Similarly, the bottom of the main section is dedicated to unknown elements – those that are under close scientific investigation and will hopefully be better understood in the future. This space in our table has been reserved for the anticipated future developments of data privacy law. Naturally, we anticipate this area will be subject to the most frequent changes.
Hydrogen is the most common element in the universe and is also the simplest and most fundamental. Within the periodic table, it sits apart from all other elements. This is similar to the role of ethics within the data privacy sphere – something that must also be considered separately to the technicalities of how we work with data. After all, privacy legislation is the codification of what society deems to be the most ethical and appropriate way in which personal data can be processed.
Achieving compliance ‘Com’
We decided to use some ‘artistic licence’ and put compliance, element number 21, in quotes. This was for a simple reason: because it is impossible to achieve. It’s a common data privacy misperception that compliance can be achieved, and yet it can’t. At least not in the way that businesses commonly understand it, i.e. a one-off demonstration of adherence to certain rules.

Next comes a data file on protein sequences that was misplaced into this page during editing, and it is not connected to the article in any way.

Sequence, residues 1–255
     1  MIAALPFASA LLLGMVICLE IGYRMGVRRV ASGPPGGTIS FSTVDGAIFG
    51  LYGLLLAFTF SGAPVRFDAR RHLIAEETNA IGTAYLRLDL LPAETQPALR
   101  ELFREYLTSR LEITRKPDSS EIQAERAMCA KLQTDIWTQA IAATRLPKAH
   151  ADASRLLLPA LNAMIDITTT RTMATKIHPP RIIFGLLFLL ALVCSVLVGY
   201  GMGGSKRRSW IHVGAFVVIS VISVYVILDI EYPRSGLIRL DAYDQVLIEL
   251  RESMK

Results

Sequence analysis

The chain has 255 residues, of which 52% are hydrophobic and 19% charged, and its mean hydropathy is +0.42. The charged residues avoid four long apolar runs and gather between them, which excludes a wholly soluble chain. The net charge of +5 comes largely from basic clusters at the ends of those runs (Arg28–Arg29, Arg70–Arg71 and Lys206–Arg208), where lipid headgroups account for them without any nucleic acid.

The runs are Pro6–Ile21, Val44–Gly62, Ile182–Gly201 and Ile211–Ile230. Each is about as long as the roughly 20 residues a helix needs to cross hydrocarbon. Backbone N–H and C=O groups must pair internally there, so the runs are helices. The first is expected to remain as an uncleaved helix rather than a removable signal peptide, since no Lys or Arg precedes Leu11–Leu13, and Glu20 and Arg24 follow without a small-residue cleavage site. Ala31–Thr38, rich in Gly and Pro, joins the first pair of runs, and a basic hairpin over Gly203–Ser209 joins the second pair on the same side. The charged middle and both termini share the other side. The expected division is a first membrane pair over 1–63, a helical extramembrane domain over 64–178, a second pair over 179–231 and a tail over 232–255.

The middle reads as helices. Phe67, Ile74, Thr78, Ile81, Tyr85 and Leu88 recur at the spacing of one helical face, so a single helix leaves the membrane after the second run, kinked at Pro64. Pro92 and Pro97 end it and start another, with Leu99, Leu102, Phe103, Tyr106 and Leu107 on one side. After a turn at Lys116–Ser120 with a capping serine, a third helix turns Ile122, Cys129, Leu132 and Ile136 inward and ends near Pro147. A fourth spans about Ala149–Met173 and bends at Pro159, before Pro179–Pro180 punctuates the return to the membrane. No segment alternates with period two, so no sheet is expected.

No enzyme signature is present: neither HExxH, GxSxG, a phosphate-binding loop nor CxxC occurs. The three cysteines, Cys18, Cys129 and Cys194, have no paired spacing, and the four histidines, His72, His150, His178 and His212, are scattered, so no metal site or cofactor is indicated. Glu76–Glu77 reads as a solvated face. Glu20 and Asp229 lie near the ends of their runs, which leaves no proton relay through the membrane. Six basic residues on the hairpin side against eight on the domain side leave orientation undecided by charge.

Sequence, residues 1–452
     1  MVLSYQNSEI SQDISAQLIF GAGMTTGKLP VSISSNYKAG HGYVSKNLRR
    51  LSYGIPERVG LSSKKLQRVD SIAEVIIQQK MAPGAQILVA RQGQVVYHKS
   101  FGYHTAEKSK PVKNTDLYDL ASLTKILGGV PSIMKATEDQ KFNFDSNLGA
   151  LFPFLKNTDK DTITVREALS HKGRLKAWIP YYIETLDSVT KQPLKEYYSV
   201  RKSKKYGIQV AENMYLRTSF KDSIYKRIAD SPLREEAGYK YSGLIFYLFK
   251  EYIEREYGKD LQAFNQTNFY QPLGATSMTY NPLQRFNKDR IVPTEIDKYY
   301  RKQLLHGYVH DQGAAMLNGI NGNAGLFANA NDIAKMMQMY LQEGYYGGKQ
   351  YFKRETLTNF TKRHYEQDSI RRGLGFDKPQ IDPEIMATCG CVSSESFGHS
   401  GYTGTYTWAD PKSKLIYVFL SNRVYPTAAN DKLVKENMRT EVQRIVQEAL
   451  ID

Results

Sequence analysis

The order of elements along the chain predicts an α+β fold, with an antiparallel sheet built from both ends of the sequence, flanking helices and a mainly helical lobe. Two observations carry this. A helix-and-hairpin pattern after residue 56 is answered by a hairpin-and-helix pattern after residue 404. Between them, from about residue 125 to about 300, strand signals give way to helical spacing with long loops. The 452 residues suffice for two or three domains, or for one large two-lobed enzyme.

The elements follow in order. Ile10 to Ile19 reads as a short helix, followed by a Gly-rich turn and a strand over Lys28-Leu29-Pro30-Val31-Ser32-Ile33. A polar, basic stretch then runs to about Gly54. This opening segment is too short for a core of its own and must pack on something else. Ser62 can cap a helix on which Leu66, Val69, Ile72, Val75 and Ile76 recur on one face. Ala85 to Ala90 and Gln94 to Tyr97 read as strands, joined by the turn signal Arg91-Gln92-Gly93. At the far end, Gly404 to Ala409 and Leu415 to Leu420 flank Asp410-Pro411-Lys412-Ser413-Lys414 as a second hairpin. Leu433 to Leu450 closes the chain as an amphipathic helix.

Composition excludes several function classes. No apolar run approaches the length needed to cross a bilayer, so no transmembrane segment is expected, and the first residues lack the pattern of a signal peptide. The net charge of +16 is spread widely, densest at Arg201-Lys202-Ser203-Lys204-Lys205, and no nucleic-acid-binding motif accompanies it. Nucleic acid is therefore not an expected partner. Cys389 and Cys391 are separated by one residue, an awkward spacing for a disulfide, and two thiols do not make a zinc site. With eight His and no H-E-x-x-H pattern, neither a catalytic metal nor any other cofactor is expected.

Data privacy regulations are not designed for companies to evidence their adherence at a single “point in time” and receive certification that at that moment, they satisfied the law’s requirements. Data privacy requires ongoing efforts and literally constant vigilance to ensure that data subjects’ rights are continuously protected. A business’ data and processes are far too fluid for adherence right now to mean anything for adherence in the future, making claims of “compliance” utterly empty – and so-called “certifications of compliance” worthless.
The impact of Brexit (EUx)
The data privacy ramifications of Brexit are critical, and most notably, whether the UK is officially an adequate state in the eyes of the EU. But this exact scenario could be repeated in other EU countries such as Italy, the Netherlands, France and others who have had robust parliamentary discussions over whether they should follow the UK and leave the EU. The inclusion of this element emphasises the need for privacy professionals to be aware of the latest developments in geopolitics and its impact on data privacy, in addition to understanding the current legislation in place.
Right to rectification